South Africa’s Crypto Firms Face Registration Requirement or Risk Heavy Fine
In a move to regulate the cryptocurrency sector, crypto companies operating in South Africa will be required to apply for a license from the country’s Financial Sector Conduct Authority (FSCA) within a six-month period starting from June 1, 2023. Failure to register within the designated timeframe may result in a fine of $510,000 or imprisonment, as announced by the government.
While the new licensing regime has been welcomed by South African crypto firms, concerns have been raised about the potential impact of the fine on smaller companies and the potential deterrence for firms seeking to enter the market after the deadline. South Africa currently lags behind other African nations like Nigeria and Kenya in terms of crypto usage, ranking 30th on Chainalysis’ global adoption index last year. Regulatory authorities in the country, like those in other jurisdictions, have been striving to oversee the sector, which experienced a staggering crash in 2022 after reaching a global market capitalization of nearly $3 trillion in 2021.
In November 2020, the FSCA proposed that crypto should be treated as financial products and that companies offering crypto-related services should obtain a license. Following a consultation on the drafted legislation, the FSCA published the final declaration on the licensing requirement on October 19, 2022.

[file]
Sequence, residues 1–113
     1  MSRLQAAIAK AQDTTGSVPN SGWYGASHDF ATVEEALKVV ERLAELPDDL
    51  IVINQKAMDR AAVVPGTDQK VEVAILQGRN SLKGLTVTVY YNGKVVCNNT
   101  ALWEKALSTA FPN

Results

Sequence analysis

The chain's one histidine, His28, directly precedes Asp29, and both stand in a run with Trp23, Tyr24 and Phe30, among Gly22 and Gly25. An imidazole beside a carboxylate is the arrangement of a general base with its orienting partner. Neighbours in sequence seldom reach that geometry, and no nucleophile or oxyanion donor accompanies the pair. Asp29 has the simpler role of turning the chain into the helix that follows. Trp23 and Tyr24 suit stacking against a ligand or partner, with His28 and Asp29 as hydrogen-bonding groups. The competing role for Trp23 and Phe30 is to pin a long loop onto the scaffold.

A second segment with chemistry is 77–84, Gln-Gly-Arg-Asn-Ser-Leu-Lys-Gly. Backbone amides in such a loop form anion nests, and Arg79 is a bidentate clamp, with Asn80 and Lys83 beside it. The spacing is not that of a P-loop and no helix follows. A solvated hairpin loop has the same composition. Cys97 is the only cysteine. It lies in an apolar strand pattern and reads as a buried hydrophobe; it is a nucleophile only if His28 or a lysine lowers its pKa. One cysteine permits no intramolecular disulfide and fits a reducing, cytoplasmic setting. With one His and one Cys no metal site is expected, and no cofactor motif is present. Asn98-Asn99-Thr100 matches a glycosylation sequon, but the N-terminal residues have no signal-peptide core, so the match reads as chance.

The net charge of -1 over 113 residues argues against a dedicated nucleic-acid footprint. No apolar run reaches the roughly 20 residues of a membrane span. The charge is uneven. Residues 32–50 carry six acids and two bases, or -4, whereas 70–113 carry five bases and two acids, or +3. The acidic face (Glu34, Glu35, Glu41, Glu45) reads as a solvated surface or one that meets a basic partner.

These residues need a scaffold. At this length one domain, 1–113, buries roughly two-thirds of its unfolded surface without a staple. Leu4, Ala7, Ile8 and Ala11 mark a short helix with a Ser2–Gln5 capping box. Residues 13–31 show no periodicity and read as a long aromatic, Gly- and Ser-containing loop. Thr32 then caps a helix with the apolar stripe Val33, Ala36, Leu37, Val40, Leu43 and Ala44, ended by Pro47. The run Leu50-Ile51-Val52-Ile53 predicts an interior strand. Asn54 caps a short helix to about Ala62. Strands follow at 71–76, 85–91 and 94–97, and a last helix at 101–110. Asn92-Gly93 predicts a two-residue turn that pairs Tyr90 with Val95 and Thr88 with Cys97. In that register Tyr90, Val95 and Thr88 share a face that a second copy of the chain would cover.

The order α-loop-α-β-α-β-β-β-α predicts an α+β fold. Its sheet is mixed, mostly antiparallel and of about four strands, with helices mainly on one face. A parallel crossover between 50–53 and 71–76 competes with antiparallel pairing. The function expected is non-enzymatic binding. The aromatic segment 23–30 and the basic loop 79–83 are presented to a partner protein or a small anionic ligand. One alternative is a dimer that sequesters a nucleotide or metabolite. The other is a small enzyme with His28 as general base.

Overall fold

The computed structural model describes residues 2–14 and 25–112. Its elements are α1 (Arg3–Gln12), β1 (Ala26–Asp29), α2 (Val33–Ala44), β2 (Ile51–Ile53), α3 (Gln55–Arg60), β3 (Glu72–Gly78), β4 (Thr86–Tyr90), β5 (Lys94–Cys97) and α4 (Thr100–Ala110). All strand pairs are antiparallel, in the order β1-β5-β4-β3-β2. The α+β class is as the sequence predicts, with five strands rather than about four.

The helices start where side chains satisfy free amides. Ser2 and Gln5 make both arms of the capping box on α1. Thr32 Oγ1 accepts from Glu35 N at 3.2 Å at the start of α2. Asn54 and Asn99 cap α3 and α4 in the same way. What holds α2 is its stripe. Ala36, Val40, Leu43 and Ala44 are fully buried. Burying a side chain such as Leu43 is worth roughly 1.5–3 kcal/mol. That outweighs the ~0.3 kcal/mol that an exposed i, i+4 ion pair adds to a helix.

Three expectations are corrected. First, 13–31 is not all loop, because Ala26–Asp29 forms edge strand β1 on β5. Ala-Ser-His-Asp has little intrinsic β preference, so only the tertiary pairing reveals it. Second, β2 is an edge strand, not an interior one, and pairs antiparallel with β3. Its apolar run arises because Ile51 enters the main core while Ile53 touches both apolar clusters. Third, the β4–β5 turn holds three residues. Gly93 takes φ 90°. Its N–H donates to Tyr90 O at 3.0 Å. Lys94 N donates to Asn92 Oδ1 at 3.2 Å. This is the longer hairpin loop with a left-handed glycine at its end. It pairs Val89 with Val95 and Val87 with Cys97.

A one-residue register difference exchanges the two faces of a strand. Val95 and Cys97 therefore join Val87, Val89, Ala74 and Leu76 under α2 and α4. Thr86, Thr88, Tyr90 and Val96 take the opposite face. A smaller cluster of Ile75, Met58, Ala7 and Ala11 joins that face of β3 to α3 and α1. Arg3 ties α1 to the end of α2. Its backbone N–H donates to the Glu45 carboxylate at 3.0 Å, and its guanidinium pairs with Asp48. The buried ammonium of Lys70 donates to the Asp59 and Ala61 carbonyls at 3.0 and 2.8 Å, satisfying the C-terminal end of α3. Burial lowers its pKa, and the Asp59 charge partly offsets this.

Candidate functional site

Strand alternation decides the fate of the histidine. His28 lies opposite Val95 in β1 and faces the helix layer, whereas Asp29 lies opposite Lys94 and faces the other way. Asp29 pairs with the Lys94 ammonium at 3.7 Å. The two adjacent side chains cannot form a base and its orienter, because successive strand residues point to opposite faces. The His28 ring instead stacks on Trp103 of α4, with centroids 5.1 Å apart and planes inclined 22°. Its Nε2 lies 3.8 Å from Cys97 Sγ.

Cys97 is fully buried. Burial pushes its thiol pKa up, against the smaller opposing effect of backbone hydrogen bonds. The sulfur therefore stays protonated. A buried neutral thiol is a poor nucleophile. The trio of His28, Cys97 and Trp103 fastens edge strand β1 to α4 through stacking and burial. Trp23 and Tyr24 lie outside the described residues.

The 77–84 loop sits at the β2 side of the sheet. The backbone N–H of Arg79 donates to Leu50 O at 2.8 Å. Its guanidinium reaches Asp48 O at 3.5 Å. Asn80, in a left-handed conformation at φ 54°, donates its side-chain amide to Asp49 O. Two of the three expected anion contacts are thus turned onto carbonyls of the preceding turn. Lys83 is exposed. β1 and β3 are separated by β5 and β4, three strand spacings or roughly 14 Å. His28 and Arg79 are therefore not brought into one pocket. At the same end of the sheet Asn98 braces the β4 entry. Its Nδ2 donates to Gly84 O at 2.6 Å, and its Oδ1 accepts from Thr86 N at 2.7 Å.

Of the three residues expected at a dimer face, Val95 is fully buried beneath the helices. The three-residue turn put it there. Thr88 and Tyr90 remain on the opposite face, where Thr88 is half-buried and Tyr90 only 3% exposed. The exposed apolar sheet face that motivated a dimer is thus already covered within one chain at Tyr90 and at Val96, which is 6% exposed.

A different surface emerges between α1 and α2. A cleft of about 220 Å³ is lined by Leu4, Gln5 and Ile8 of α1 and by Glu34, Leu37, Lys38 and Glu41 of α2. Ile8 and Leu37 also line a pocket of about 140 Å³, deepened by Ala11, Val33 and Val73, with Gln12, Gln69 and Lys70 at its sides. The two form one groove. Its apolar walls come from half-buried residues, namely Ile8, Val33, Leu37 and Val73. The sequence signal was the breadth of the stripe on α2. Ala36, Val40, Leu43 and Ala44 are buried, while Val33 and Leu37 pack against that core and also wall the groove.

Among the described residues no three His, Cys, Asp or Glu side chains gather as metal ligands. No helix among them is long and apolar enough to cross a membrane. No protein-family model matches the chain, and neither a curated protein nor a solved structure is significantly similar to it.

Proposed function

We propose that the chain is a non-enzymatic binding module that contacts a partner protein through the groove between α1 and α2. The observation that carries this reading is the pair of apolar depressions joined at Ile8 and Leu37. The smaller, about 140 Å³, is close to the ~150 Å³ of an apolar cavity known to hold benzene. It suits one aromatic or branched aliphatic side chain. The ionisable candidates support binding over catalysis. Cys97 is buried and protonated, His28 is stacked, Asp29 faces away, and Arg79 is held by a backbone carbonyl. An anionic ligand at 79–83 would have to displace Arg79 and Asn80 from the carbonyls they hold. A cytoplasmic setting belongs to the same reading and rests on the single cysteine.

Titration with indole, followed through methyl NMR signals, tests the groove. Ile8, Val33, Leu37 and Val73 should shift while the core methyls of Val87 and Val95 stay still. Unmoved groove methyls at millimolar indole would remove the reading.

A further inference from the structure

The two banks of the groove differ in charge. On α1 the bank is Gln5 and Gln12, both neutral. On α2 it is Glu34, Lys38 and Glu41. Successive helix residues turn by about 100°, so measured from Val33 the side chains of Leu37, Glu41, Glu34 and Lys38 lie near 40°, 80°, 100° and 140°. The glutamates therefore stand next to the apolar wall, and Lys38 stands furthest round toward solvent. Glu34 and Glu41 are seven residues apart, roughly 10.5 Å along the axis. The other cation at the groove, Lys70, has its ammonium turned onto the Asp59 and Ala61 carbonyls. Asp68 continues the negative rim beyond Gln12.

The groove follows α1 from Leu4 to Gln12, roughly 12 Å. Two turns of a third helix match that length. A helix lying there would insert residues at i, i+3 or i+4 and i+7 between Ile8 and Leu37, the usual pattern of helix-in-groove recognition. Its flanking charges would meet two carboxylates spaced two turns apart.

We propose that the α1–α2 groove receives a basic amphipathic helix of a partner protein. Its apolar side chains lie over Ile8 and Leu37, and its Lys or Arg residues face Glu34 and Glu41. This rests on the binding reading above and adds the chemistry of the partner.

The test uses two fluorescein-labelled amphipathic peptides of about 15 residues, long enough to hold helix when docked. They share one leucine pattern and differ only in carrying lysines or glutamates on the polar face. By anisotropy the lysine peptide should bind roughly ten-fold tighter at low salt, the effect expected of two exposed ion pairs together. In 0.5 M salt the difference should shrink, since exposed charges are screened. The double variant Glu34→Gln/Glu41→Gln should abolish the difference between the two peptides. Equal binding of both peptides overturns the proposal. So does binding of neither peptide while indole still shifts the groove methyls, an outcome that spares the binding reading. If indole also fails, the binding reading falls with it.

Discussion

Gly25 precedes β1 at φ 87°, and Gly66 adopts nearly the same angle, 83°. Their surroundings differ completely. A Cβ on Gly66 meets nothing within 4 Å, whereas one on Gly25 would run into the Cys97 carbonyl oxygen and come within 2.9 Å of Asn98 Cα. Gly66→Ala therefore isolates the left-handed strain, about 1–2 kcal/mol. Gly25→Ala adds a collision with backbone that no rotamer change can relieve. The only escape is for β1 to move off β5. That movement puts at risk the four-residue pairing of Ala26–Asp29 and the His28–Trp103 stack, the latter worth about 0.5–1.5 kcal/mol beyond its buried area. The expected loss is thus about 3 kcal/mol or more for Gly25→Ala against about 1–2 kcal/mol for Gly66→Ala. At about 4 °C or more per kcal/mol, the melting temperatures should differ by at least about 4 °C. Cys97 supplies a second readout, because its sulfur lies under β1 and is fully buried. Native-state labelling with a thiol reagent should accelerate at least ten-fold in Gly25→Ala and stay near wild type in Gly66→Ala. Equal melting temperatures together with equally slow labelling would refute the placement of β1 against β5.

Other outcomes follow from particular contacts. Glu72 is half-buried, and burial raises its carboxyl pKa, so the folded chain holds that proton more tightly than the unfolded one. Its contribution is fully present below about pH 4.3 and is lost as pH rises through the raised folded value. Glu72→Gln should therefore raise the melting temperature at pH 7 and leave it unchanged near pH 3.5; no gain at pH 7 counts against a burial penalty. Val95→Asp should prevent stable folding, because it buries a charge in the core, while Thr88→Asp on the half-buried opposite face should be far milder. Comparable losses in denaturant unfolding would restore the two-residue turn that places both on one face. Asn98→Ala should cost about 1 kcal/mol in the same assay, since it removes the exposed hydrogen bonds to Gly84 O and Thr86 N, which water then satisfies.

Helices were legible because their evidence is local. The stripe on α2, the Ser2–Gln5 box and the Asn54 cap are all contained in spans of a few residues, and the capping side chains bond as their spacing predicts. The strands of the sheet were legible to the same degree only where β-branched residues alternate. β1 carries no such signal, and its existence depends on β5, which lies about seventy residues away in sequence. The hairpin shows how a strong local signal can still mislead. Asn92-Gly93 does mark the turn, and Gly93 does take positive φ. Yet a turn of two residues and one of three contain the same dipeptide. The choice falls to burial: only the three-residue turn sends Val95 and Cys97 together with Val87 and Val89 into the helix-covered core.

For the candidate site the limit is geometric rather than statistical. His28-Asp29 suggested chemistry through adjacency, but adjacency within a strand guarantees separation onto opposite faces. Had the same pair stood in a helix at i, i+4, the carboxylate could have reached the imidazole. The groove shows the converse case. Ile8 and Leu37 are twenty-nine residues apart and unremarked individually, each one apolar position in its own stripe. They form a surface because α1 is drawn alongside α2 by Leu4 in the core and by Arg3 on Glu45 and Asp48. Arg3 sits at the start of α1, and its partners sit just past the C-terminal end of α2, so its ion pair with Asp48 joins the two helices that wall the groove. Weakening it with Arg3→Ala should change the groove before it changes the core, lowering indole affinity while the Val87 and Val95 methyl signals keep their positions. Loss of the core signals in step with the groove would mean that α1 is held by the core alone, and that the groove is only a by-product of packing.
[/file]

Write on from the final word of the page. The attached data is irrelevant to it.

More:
Nick Taylor, the head of public policy at Luno for Europe, Middle East, and Africa, described the FSCA’s classification as an “extremely positive step” for both the crypto industry and South Africans. He emphasized that the licensing requirements will enhance standards, protect consumers, and provide businesses with the confidence to invest, innovate, and generate employment opportunities.
The aim of the new regime is to safeguard consumers, a crucial aspect according to Mpumelelo Ndamane, CEO of South Africa-based crypto wallet provider Nuud Money. Instead of enforcing the requirement immediately after the declaration, South African regulators set June 1, 2023 as the start date for seeking approval. During the application process, companies that have applied for registration will be allowed to continue their operations while awaiting a decision from regulators. To sustain operations, these firms must demonstrate compliance with the country’s norms for financial service providers, including requirements such as operating with integrity, diligence, and providing requested information to the FSCA.
However, it should be noted that crypto derivatives services providers are not eligible for the exemption that permits companies to continue operating while their applications are being processed, as stated in the declaration.
Although the exact registration fees for crypto companies with the FSCA have not been specified, typical application fees range from 2,544 South African rand ($132) to 46,251 ($2,395), depending on the category of the firms. Crypto companies are expected to fall under category one, which incurs the lowest fee and applies to firms not fitting into any other categories. However, if applicants meet the criteria for multiple categories, they may need to submit several applications, explained Meiran Shtibel, associate general counsel at crypto custody platform Fireblocks.